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10 years after Poverty Report

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by Maxwell Haywood

It is now ten years since a major poverty report on St. Vincent and the Grenadines (SVG) was published. The report titled “Poverty Assessment Report – St. Vincent and the Grenadines” is dated July 1996. It was prepared by Kairi Consultants Limited a team which was contracted by the Caribbean Development Bank, in association with the National Assessment Team of St. Vincent and the Grenadines. The consultants are based in Trinidad and Tobago.{{more}}

While reading the report, one area caught my attention. The report stresses the critical importance of the institutional and organizational foundations of poverty and their impact on poverty reduction, alleviation and eradication.

The persistent nature of poverty in societies around the world is directly tied to the nature of the interventions that humans have devised to manage and develop their societies. In every civilization, the mechanisms used by human beings to facilitate interaction between themselves and nature have been playing the major role in determining the quality of life enjoyed by human beings and other living creatures.

Weaknesses of the institutional base

Addressing poverty effectively is not only about ensuring an adequate income. High consideration and priority should be given to the institutional aspects of poverty. The report points out, “Poverty is not only about the shortage of resources, but also about the weaknesses of the institutional base to respond and to correct for it.”

The report emphasizes that it is always very difficult to address poverty without mechanisms deliberately geared toward poverty reduction, alleviation and eradication. It describes many economic, social and governance/political institutions, and national and community organizations or structures in SVG which impact on the situation of poverty. In this connection, the report states: “Some contribute to income possibilities, provide transfers, or strengthen the capacities and capabilities of individuals”.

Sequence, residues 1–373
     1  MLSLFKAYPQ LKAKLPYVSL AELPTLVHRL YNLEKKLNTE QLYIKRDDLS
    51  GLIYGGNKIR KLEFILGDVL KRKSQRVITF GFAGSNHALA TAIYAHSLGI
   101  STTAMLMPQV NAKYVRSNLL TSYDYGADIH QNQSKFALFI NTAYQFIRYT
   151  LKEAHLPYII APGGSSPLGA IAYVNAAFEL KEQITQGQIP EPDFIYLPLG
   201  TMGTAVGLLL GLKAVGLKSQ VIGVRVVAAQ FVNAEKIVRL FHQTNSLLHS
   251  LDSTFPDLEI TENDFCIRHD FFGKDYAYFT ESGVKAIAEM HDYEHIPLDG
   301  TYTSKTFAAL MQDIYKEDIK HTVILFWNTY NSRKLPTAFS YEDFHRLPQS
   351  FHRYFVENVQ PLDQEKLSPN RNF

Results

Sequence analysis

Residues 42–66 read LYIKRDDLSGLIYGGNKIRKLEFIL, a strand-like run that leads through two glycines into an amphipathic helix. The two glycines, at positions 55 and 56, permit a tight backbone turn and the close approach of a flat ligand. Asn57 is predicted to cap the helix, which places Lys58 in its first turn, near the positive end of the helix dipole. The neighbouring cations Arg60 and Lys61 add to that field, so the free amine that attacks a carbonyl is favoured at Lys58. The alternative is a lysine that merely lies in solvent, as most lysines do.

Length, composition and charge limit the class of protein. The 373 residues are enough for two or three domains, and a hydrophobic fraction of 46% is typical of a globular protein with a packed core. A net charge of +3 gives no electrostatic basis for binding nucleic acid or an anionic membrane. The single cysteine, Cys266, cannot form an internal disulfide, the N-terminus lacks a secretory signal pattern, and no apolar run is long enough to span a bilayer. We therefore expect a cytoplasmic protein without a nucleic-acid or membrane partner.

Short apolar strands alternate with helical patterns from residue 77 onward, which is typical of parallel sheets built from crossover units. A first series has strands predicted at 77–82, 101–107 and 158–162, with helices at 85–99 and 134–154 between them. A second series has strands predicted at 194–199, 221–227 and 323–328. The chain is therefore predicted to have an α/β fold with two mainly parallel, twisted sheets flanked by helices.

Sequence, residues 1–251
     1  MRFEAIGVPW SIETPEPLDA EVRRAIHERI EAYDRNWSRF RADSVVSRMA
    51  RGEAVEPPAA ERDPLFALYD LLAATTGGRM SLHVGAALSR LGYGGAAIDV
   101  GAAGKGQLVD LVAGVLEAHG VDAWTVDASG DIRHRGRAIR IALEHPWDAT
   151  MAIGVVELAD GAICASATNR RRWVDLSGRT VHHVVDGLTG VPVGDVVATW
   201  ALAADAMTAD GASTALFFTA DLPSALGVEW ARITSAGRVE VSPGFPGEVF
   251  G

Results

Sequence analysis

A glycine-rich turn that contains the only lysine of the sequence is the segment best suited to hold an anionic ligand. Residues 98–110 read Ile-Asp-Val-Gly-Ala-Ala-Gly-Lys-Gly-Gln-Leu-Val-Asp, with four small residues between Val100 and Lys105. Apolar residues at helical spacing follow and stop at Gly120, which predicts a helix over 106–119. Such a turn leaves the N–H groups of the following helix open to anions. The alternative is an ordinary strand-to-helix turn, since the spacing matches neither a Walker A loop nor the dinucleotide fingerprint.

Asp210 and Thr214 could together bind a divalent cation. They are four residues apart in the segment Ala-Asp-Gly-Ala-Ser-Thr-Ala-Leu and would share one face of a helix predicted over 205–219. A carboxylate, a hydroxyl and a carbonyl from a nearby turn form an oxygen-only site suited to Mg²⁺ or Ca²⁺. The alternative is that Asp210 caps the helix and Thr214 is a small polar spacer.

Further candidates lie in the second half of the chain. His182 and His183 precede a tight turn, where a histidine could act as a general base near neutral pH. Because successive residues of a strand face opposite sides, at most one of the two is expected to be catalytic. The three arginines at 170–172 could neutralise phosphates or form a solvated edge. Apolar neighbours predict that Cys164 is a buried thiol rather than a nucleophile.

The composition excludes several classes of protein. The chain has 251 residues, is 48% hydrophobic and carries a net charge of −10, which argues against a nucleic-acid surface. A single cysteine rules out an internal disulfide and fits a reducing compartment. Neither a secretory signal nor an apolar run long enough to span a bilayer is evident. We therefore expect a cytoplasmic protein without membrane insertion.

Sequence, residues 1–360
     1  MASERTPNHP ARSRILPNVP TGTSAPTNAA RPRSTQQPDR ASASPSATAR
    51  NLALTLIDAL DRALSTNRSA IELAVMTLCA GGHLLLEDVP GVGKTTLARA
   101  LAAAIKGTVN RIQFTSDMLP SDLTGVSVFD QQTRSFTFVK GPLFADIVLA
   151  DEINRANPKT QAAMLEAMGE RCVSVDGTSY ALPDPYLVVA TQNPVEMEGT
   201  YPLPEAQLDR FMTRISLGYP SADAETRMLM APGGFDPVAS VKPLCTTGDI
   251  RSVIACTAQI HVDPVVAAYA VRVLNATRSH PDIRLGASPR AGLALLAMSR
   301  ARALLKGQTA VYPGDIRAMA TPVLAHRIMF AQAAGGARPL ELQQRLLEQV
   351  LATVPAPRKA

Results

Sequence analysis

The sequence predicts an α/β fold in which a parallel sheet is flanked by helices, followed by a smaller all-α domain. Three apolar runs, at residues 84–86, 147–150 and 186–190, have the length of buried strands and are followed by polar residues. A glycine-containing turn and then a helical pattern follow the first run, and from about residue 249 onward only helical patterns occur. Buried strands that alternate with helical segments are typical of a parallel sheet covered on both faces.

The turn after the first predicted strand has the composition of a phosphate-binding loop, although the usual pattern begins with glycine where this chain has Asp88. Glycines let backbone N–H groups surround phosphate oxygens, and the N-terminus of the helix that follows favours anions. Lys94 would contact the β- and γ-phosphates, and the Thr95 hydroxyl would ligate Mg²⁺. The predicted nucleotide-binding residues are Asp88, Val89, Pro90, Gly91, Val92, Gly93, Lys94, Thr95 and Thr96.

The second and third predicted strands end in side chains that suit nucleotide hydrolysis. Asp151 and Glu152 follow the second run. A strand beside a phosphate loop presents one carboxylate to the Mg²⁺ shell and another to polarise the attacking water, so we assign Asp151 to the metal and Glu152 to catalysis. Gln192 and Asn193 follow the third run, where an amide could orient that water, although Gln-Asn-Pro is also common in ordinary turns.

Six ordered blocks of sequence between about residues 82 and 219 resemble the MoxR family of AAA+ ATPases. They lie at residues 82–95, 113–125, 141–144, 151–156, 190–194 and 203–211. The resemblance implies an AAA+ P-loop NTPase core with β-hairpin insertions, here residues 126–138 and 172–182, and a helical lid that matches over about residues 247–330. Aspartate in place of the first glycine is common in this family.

At the time of the report, not enough of the economic institutions were geared up for poverty alleviation in SVG. For instance, the report asserts that: “A few of the economic structures that were reviewed display a poverty focus or sensitivity. Fewer still have had the actual experience of fashioning programmes geared to assist persons or households in the lowest socio-economic category to develop capabilities and capacities. The development thrust for poverty reduction needs to become more focused, and to be invested with urgency.”

Social organizations such as NGOs experience lack of finance and other resources to do their work effectively, and according to the report they rely “on a high level of volunteerism in the conduct of their programmes.” Furthermore, the majority of the NGOs according to the report, “tend to minister to the issues of traditional social service delivery…. Very few have a preventative or development focus”.

Political clinics

Moreover, governance or political institutions influence the nature of poverty in SVG. The report states: “The absence of genuine local government organs results in the focusing of the decision-making process in the central government in Kingstown. There is institutionalized an arrangement through which the State supports ‘political clinics’: the representative of an electoral district has, at his/her disposal, resources that are used to address problems at the local level. It is not immediately clear how well the system has worked in bringing relief to those in need.”

In this connection, I look forward to the outcome of the Local Government Commission.

Poverty still haunts us

Ten years after the poverty report, poverty still haunts the lives of many citizens and communities. In the midst of this poverty, other institutions and initiatives have been established with linkages to poverty reduction. For example, the Social Investment Fund (SIF) is geared specifically at addressing poverty. A large part of SIF’s focus is on building the capacities of residents of local communities so they will be empowered to develop their own human interventions aimed at improving the quality of life.

Furthermore, among others there are now the National Economic and Social Development Council(NESDEC), Public Service/State Administration Reform, and the education revolution. The challenge is to ensure that these institutions and initiatives are well equipped and properly coordinated to accomplish measurable improvements in the lives of the poor and vulnerable and lead to the reduction and eventual eradication of poverty in SVG. In this regard, Vincentians at home and abroad must become more vigilant.

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